What is the definition of ROM? You've probably heard the term in reference to computers or CDs. "ROM" is actually an acronym standing for "Read-Only Memory." It applies to permanent, non-volatile memory, and it drives the most basic functions of your computer.
ROM refers to both hardware and software.
On the hardware side, ROM is an actual silicon encoded microchip inside your computer. On the software end, this chip contains important information and data, called ROM BIOS, which is necessary for your computer to boot up. This is why ROM is non-volatile, meaning the data is not lost when the system is powered down. It is not to be confused with a different type of memory called RAM. "RAM" is an acronym meaning "Random Access Memory," which refers to memory where data can be removed and altered, and it may not be preserved when a system is turned off.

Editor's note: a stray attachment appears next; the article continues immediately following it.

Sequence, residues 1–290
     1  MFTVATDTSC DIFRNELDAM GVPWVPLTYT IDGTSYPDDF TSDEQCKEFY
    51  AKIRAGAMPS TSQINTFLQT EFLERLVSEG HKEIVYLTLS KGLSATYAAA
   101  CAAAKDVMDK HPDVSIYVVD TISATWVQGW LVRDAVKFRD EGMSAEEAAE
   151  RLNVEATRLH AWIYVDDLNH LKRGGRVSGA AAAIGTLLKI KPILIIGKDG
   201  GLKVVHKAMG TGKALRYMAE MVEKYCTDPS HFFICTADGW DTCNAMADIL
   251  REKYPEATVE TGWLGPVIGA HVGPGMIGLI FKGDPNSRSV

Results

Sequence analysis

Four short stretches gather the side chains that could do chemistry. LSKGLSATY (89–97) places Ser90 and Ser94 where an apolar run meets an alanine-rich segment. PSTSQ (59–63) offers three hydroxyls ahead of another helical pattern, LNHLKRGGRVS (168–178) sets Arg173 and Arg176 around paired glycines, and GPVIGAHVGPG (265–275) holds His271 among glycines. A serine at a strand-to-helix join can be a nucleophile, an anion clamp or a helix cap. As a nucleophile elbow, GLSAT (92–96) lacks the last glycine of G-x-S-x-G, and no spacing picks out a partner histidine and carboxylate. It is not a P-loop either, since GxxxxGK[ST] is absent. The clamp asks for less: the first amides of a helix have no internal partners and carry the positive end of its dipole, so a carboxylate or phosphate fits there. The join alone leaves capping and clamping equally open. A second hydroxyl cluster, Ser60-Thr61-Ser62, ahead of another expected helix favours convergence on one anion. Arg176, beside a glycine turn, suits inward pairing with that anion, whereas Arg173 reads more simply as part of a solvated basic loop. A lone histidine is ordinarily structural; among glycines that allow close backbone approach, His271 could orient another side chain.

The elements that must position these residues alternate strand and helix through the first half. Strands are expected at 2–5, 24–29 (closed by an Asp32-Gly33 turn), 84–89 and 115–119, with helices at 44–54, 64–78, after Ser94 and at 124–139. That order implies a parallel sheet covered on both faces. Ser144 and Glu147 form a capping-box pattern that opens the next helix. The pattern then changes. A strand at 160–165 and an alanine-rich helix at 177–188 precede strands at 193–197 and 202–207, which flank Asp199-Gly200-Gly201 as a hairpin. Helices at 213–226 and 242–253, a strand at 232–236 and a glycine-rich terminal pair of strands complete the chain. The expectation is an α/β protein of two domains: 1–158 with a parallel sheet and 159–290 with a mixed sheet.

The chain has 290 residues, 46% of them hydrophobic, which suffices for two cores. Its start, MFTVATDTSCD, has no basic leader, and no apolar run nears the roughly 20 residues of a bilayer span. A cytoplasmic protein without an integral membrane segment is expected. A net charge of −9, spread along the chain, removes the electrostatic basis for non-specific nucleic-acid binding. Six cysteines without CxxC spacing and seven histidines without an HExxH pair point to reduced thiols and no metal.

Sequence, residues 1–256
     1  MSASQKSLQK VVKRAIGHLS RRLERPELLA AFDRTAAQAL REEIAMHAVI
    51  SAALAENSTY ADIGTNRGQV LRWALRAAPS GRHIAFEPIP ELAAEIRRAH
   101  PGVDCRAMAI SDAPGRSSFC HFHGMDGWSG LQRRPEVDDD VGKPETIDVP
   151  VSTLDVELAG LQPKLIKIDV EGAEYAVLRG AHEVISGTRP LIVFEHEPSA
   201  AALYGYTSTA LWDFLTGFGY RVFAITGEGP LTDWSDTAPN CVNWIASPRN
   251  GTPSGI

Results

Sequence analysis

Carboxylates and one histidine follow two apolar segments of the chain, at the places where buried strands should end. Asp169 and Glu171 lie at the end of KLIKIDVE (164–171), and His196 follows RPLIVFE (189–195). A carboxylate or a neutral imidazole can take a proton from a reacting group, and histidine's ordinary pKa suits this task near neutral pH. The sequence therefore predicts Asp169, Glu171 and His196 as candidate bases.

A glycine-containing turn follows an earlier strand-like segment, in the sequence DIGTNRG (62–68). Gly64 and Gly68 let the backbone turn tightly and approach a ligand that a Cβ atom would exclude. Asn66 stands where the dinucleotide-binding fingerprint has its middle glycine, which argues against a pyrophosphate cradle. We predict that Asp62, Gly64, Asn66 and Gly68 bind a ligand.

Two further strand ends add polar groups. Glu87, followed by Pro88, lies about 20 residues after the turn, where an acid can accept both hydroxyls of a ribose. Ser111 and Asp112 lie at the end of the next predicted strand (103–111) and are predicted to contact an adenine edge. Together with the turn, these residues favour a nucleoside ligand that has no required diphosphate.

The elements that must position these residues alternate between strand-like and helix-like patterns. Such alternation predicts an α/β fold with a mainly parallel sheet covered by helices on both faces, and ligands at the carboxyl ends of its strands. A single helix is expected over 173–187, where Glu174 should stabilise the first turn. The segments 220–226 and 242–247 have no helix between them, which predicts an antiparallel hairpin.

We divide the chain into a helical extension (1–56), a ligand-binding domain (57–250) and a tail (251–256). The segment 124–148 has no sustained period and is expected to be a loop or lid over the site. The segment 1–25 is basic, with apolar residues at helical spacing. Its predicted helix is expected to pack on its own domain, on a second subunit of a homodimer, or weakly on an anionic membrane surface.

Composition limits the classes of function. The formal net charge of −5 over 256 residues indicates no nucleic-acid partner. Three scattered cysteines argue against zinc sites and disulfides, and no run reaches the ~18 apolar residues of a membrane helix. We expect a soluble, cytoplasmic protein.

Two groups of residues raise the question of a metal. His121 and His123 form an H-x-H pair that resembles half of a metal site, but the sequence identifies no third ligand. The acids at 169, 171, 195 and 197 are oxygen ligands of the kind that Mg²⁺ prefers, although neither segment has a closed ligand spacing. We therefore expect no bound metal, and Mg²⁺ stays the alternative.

Putting the "ROM" in "CD-ROM."
You may have heard of compact discs referred to as CD-ROMs, especially when the technology was new. This was because CDs operated by using Read-Only Memory. Initially, CDs were used to play back information such as music or data, and they lacked the ability to record or rewrite information. Then the technology became available for CDs to be altered. The same happened for ROM. Computers today come with rewritable ROMs.
ROM has evolved into PROM and EPROM.
If the ROM contains important information necessary for the computer to boot up, why would it ever need to be rewritten or changed? Before ROM could be rewritten, important system updates could take place only if the ROM chip itself were removed and upgraded. Today's rewritable ROMs are more flexible. These rewritable ROMs include PROMs (programmable read only-memory), EPROMs (erasable read-only memory) and EEPROMs (electrically erasable read-only memory). These types of ROMs are frequently featured in today's computers and make system updates possible without swapping ROM chips.